Tarantino always gets great performances out of everyone from marquee names to supposed-has-beens to up-and-comers. I’d like to single out two people in the last category there. First, Qualley (THE NICE GUYS) as Pussycat, who manages to be equal parts gross and charming as she dumps out the entire toolbox of seduction techniques trying to get power over Cliff. Second, Mikey Madison, who has such an authentic (but funny) breakdown as Sadie. I couldn’t place where I knew her from, but of course she’s one of the daughters on Better Things, where she’s also great.
The Manson murders were before my time, but I’ve read a little bit and seen a movie or two. So I can’t help but wonder what would happen next in this altered timeline where the Tate murders never happened because a drunk guy in his bathrobe thought their car was too loud and went to yell at them. Would the Family be completely thwarted? In reality, Manson took six Family members the next night to murder supermarket executive Leno LaBianca and his wife Rosemary. But in the ONCE UPON A TIME world, three of those members would be dead and one had abandoned ship. Would Manson have just brought other people? Would he have been spooked by the total failure of the mission? Or maybe Cliff telling the cops that the attackers lived on Spahn Ranch would’ve busted the whole thing open already?
Then of course there’s the Roman Polanski matter. Does not going through the traumatic experience of a pregnant wife horrifically murdered while he’s out of town prevent him from committing terrible acts of his own? If so, he would never be in RUSH HOUR 3.
What-ifs are a theme throughout. The Bruce vs. Ali one, the one about if Rick Dalton got Steve McQueen’s part in THE GREAT ESCAPE, and of course the whole thing is leading to letting us fantasize about what could’ve happened if sweet, just arrived Sharon Tate didn’t have her story abruptly ended by psychos. It’s a fairy tale, a daydream, a wish. And I think if you dig into it it can be an affirmation too. The Manson Family murders were a ghastly tragedy given outsized power by their symbolism. They represented the tearing apart of countercultural idealism, stoked middle class paranoia and launched half a century (so far) of morbid fascination. The dirty hippie who will steal your daughters, turn them against you, have them write on rich people’s walls in blood. The Summer of Love birthing an Age of Evil.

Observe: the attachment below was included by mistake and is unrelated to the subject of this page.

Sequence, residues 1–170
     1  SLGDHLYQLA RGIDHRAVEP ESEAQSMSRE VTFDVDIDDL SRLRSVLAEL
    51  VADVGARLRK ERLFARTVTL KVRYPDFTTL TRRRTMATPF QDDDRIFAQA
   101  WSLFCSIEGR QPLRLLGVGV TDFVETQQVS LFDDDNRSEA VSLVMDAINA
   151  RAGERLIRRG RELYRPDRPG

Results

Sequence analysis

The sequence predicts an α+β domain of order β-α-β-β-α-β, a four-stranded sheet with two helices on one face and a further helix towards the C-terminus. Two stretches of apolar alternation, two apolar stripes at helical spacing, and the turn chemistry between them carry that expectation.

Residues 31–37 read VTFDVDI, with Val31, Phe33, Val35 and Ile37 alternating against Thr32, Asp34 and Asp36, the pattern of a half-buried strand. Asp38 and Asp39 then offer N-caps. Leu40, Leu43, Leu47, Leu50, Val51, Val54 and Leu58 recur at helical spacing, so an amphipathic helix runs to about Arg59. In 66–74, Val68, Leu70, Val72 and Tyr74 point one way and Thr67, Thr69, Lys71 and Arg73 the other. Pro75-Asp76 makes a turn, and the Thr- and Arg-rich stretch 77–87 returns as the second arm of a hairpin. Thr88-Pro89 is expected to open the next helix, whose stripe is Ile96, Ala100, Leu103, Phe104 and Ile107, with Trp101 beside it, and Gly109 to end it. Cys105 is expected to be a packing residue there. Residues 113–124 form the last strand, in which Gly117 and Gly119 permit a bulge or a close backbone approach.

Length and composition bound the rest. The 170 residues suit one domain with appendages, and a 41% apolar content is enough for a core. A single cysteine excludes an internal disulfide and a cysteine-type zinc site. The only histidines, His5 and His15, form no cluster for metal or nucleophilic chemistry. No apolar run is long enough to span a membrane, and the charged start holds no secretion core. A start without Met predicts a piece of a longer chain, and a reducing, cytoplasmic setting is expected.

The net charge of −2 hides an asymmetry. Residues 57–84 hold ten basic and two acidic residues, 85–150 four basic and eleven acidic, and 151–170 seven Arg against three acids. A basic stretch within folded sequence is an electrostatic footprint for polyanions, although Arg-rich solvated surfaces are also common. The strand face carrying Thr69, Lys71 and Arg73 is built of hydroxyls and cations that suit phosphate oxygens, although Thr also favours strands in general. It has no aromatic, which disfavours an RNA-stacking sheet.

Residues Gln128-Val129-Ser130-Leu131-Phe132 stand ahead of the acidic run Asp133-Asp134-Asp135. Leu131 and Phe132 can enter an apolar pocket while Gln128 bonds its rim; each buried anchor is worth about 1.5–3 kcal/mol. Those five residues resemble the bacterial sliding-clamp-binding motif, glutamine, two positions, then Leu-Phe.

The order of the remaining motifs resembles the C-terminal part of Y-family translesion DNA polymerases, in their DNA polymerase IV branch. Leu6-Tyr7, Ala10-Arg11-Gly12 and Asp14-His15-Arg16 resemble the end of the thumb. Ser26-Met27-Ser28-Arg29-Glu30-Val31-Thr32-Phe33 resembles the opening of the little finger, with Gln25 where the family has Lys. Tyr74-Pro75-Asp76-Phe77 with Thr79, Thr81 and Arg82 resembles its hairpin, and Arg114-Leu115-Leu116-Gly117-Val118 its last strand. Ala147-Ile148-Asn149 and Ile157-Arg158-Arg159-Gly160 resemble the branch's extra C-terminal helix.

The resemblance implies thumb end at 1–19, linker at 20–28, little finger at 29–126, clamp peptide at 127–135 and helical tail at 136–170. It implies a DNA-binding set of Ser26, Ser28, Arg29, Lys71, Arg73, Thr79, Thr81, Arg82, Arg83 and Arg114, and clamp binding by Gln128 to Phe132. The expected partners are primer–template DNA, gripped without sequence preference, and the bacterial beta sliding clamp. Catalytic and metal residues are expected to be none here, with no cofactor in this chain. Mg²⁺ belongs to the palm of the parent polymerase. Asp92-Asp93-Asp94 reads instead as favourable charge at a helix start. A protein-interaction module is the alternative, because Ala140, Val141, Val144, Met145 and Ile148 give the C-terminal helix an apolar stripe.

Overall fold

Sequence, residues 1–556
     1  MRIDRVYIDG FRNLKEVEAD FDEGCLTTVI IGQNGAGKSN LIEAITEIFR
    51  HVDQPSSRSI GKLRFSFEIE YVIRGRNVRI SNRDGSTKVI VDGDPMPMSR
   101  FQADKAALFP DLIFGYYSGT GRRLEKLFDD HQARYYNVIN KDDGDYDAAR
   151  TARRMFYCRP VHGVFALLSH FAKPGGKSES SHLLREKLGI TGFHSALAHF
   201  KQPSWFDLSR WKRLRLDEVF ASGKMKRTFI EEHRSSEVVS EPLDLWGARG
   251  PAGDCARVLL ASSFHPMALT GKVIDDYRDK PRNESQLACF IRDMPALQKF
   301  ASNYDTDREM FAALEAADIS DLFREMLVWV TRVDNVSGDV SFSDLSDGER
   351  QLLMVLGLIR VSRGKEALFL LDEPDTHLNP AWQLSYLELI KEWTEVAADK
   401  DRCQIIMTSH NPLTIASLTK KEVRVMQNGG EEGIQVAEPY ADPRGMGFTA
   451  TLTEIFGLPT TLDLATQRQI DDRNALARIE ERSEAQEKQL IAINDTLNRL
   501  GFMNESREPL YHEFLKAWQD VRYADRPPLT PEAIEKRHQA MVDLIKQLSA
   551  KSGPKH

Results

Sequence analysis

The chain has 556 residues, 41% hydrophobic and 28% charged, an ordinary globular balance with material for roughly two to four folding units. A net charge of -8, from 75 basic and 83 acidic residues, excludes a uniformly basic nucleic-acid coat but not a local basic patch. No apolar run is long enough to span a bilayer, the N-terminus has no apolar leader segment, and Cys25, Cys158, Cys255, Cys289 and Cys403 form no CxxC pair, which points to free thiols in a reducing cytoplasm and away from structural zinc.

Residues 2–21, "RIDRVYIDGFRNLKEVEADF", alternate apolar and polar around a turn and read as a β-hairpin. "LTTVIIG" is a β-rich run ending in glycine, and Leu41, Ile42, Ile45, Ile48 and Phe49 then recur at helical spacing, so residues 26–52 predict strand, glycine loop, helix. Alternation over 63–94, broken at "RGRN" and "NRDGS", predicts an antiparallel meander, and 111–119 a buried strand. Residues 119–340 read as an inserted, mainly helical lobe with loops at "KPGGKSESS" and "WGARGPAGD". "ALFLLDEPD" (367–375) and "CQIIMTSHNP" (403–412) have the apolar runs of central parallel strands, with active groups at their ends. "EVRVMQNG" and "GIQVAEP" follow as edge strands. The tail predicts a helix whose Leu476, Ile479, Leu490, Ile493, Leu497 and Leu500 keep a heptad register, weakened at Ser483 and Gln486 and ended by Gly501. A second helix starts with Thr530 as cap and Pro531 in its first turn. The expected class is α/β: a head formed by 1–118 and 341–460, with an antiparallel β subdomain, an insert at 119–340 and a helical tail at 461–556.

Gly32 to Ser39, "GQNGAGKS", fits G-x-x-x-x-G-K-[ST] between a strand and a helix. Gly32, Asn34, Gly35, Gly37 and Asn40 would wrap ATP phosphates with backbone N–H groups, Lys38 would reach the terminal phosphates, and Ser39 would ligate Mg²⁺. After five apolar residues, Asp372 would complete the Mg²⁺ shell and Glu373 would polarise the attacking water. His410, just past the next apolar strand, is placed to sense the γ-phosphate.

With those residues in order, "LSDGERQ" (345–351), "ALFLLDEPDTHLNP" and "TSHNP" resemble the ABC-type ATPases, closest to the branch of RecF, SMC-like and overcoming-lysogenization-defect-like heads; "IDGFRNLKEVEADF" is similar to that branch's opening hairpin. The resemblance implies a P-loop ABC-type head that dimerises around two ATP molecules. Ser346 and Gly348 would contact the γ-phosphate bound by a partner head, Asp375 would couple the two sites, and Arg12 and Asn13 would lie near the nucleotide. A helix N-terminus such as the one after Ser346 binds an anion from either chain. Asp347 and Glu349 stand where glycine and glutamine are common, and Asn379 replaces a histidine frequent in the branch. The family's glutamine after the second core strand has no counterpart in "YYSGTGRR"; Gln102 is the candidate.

If we accept the fantasy that having the right guy living next door could’ve prevented those murders, can we then reject the power that these sorts of dark events have over our culture? Can we say fuck you evil, you just got lucky this time, the innocence is here to stay?
I don’t know. But whatever ONCE UPON A TIME does to the legend of Bruce Lee, it completely flattens that of the Manson Family. Booth vs. Mansons is not a tie. He walks into their territory alone, ignores their demands, crosses their boundaries, gives them a bloody nose. When they come at him (by accident) he shuts them down entirely. While high. Manson himself (played by Damon Herriman – Dewie from Justified) gets a scary scene based on his one brush with Tate, but he’s absent for most of the story, leaving Tex Watson in charge. On that now-differently-fateful night, Tex introduces himself as The Devil, and Cliff doesn’t take that bullshit seriously for one second, even at gunpoint. In ONCE UPON A TIME the Manson Family don’t get to be cultural boogeymen. They’re just some dumb hippie assholes. Fuck ’em.
VERN has been reviewing movies since 1999 and is the author of the books SEAGALOGY: A STUDY OF THE ASS-KICKING FILMS OF STEVEN SEAGAL, YIPPEE KI-YAY MOVIEGOER!: WRITINGS ON BRUCE WILLIS, BADASS CINEMA AND OTHER IMPORTANT TOPICS and NIKETOWN: A NOVEL. His horror-action novel WORM ON A HOOK will arrive later this year.